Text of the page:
Market Overview

How COVID-19 has impacted the hedge fund industry


The COVID-19 pandemic has rocked global markets and economies, and it has changed the face of business forever. Like every other industry, the hedge fund industry has also been impacted by the coronavirus, although the impacts may not be as obvious as impacts in other industries. Here are some ways the hedge fund industry has been impacted by the COVID-19 pandemic.

Strategy Rotation

Perhaps the biggest impact on the hedge fund industry is a shift in rotations. Strategies with lower correlations to the capital markets are now in higher demand, which means CTA/ managed futures funds, market-neutral funds and arbitrage funds could see inflows. On the other hand, long/ short equity funds may see outflows. 

According to Eurekahedge, the only two strategies that are in the green for the first five months of the year were CTA/ managed futures, which was up 0.95%, and macro, which was up 0.12%. All other hedge fund strategies were down, with event-driven funds taking the biggest hit, followed by distressed debt. 

Eurekahedge also reports that the rotation into CTA/ managed futures funds continued in May as net investor flows were up the most compared to other strategies. The other strategies that saw investor inflows in May were multi-strategy funds, relative value funds, long/ short equity funds and fixed income funds. May brought a turnaround in investor flows for CTA/ managed futures funds as year to date through the end of May, the strategy had investor redemptions of $22.5 billion. 

May did bring a turnaround for the hedge fund industry, which recorded $9.3 billion in investor inflows and $7.4 billion in performance-driven gains. Year to date through the end of May, hedge funds are still down 2.53%.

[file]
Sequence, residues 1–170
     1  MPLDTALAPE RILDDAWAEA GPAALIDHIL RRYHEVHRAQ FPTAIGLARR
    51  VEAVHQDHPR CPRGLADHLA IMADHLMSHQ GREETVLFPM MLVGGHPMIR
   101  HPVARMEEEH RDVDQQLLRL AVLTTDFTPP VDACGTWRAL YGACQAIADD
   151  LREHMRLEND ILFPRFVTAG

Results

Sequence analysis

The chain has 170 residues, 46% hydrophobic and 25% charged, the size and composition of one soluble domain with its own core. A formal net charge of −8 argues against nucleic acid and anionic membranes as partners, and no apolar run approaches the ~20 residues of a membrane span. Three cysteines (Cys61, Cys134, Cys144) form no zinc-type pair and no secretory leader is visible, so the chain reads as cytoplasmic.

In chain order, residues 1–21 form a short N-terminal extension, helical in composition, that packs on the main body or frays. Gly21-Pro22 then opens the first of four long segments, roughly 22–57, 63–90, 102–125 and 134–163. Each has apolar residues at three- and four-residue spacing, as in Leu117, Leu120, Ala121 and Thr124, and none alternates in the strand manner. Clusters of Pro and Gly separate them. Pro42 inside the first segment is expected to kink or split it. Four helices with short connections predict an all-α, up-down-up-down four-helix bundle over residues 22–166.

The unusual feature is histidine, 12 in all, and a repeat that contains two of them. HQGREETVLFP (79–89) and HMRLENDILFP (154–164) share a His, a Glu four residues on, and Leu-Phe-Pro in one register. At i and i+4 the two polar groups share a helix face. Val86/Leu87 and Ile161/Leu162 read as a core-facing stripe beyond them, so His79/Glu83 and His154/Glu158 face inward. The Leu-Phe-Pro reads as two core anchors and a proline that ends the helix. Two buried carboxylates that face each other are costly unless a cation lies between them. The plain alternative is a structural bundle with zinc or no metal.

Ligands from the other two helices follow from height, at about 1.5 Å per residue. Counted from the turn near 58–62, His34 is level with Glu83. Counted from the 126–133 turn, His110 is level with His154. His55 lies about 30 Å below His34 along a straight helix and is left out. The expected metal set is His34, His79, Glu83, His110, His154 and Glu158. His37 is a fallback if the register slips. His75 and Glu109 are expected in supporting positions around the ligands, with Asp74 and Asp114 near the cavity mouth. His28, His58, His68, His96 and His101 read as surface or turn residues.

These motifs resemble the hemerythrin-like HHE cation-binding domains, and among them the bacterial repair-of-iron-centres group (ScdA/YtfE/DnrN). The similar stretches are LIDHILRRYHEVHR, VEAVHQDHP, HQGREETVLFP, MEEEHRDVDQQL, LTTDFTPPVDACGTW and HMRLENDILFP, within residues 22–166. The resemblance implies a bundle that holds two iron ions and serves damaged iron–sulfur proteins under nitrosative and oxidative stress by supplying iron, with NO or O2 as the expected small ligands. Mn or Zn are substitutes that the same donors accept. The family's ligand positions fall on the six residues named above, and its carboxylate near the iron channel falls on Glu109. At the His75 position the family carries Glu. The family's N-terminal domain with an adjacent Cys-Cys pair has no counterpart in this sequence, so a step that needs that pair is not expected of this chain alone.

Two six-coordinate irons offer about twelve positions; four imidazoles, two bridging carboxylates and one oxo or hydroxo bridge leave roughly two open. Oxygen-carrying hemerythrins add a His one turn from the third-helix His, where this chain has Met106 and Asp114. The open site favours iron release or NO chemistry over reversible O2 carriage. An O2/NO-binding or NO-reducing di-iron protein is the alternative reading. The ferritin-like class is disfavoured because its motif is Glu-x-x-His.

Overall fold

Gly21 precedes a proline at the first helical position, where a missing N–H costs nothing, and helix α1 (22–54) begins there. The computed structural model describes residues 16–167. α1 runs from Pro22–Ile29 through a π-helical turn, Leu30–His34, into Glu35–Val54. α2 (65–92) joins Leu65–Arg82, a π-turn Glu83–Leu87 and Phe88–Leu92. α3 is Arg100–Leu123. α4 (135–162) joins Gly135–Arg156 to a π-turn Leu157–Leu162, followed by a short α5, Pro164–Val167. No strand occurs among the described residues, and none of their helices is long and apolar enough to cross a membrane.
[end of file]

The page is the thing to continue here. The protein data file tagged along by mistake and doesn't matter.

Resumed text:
Fee pressure and investor redemptions

As many hedge fund managers have struggled this year, especially in the March selloff, there is likely to be additional pressure on fees. The traditional 2% management fee and 20% performance fee structure is all but a thing of the past, as most funds are no longer able to command fees that high. 

Estimates suggest only about 25% of hedge funds are still charging 2 and 20, with most fund managers lowering their fees after the 2008 financial crisis. The COVID-19 pandemic has been the worst economic downturn since the financial crisis, so it stands to reason that fund managers will face additional pressure on the fees they charge. 

A related issue is investor redemptions. The last several years, investor redemptions have been high. Funds that have been underperforming their peers can expect to see even more redemptions during and after the pandemic. Some hedge funds may end up closing their doors entirely. Hedge Fund Research found that more than 300 hedge funds were liquidated during the first quarter. That number is likely to increase for the second quarter. 

More opportunities

Many hedge fund managers have been hoping for an increase in volatility for a while, and this year, their wish was granted. Unfortunately, that has meant bad things for fund managers who haven't been able to take advantage of the increased volatility. 

However, some fund managers have managed to make the most of the volatility so far, and a few even managed to protect their investors from the steep selloff in March. Bloomberg reports that Universa, a tail risk fund, Saba Capital, Haidar Capital, Pershing Square, Andurand, Chenavari, and Odey all managed positive returns in March despite the steep selloff. 

The markets have mostly recovered since then, but there are still some opportunities for hedge fund managers who know where to look.

About the Author

Michelle Jones was a television news producer for eight years. She produced the morning news programs for the NBC affiliates in Evansville, Indiana and Huntsville, Alabama and spent a short time at the CBS affiliate in Huntsville. She has experience as a writer and public relations expert for a wide variety of businesses. Michelle has been with ValueWalk since 2012 and is now our editor-in-chief. Email her at


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